* * * * * * *
This essay draws from Eve Darian-Smith and Philip C. McCarty (2017) The Global Turn: Theories, Research Designs and Methods for Global Studies. Berkeley, CA: University of California Press.
1 Darian-Smith and McCarty 2017.
2 Sassen 2014:7.
3 Steger and Wahlrab 2016.
4 It was Swiss development psychologist Jean Piaget who formally introduced the concept of transdisciplinarity in 1970. In his writings he used the term to refer to scholarship that “would not only cover interactions or reciprocities
between specialized research projects, but would place these relationships within a total system without any firm boundaries between disciplines” (Piaget 1972:138). Basarab Nicolescu notes that this description did not
mean that Piaget advocated dismantling conventional disciplines in favor of a new super- or hyperdiscipline. Rather, Piaget was interested in “contemplating the possibility of a space of knowledge beyond the disciplines.”
5 Darian-Smith and McCarty 2017. Op cit.
6 Unlike many teaching institutions, leading funding agencies in the US such as the National Science Foundation and National Institutes of Health have increased their budgets over the past five years for interdisciplinary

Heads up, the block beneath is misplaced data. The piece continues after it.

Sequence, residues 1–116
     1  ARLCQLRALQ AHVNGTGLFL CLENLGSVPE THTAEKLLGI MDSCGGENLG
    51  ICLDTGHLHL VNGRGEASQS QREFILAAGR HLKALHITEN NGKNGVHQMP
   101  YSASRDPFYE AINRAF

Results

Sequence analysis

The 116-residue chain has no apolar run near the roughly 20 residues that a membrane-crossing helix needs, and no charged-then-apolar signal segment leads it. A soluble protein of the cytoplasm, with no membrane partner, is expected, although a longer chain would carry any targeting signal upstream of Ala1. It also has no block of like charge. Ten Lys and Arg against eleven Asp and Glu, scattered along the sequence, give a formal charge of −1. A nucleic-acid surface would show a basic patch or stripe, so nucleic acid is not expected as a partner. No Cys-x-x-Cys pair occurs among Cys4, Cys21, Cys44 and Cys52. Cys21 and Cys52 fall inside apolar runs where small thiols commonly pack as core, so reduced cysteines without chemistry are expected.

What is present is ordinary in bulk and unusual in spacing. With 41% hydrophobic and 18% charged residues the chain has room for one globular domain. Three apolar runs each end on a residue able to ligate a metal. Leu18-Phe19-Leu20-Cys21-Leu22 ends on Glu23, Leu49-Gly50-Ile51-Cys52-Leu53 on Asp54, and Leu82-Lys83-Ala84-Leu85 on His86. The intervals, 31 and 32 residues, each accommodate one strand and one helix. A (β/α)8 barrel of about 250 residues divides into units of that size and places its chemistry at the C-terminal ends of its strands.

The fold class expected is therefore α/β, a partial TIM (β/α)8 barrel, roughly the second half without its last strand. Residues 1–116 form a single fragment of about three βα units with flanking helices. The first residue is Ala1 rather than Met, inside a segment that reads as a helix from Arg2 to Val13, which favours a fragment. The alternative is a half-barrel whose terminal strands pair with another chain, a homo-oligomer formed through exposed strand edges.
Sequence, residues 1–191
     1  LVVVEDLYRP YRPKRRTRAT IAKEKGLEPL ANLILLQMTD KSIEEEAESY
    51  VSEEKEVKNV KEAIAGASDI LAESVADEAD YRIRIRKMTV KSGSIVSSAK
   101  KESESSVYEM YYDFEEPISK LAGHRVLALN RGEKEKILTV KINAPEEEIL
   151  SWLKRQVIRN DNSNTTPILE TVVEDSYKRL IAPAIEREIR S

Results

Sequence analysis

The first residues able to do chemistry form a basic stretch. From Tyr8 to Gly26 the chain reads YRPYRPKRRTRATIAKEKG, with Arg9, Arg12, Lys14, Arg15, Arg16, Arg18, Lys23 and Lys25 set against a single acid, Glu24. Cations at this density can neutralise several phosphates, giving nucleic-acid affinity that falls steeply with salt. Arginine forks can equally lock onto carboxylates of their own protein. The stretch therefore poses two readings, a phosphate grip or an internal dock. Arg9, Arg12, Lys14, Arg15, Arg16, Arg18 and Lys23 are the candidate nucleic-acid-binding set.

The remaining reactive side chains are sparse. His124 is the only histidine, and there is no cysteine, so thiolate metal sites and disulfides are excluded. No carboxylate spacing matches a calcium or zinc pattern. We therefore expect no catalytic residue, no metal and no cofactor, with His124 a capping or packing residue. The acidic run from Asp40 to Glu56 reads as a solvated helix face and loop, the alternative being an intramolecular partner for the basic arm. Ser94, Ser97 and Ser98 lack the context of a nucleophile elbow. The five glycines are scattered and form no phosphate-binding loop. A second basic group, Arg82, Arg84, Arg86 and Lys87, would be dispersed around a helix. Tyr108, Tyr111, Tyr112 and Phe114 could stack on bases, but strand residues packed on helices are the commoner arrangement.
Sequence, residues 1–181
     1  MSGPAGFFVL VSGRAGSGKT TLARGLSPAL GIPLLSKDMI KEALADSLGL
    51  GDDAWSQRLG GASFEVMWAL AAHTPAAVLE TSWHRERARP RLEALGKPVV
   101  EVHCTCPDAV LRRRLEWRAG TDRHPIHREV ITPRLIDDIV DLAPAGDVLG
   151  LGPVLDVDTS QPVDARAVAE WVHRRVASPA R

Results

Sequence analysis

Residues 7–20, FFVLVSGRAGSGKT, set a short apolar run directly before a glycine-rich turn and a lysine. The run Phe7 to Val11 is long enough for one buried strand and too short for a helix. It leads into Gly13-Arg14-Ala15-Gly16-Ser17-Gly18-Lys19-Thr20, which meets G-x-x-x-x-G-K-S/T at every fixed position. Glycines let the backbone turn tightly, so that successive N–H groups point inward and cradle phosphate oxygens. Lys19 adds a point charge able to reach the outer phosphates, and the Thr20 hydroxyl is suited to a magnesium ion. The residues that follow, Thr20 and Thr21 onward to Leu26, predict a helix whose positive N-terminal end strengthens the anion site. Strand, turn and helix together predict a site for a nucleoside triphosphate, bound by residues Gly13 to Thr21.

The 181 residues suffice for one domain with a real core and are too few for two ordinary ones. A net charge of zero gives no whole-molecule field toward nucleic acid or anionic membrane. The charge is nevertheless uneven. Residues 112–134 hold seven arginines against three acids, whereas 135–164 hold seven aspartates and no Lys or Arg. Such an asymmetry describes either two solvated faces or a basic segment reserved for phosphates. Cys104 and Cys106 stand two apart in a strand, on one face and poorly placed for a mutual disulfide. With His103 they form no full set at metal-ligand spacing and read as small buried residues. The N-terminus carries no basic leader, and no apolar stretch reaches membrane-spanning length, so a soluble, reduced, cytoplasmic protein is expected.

and collaborative research and are on the whole embracing innovative research theories and methods.
7 Ludden 2000.
8 Fitzgerald and Callard 2014:4.
9 Burnett 2008:252.
10 Johnston 2008:229–30.
11 Leavy 2011:14.
12 Darian-Smith and McCarty 2017. op cit.
13 Hedges 2008:89–90.
14 Hall 2010:27.
Burnett, Ron. 2008. “Is Transdisciplinarity a New Learning Paradigm for the
Basarab Nicolescu. New York: Hampton. Pp. 245-52.
Darian-Smith, Eve and Philip C. McCarty. 2017. The Global Turn: Theories,
University of California Press.
Fitzgerald, Des, and Felicity Callard. 2014. “Social Science and Neuroscience
& Society Vol. 32 (1): 3–32.
Hall, Anthony J. 2010. Earth into Property: Colonization, Decolonization,
McGill-Queen’s University Press.
Hedges, Chris. 2008. “The Best and the Brightest Led America Off a Cliff.”
Johnston, R. R. 2008. “On Connection and Community: Transdisciplinarity
Basarab Nicolescu. New York: Hampton. Pp. 223–36.
Leavy, Patricia. 2011. Essentials of Transdisciplinary Research: Using
Ludden, David. 2000. “Area Studies in the Age of Globalization.” Frontiers:
Nicolescu, Basarab. 2008. “In Vitro and In Vivo Knowledge—Methodology
by Basarab Nicolescu. New York: Hampton. Pp. 1-22.
Piaget, Jean. 1972. “The Epistemology of Interdisciplinary Relationships.” In
Research in Universities. Paris: Organisation for Economic Cooperation
and Development. Pp. 127–39.
Sassen, Saskia. 2014. Expulsions: Brutality and Complexity in the Global
Steger, Manfred B. and Amentahru Wahlrab. 2016. What is Global Studies?: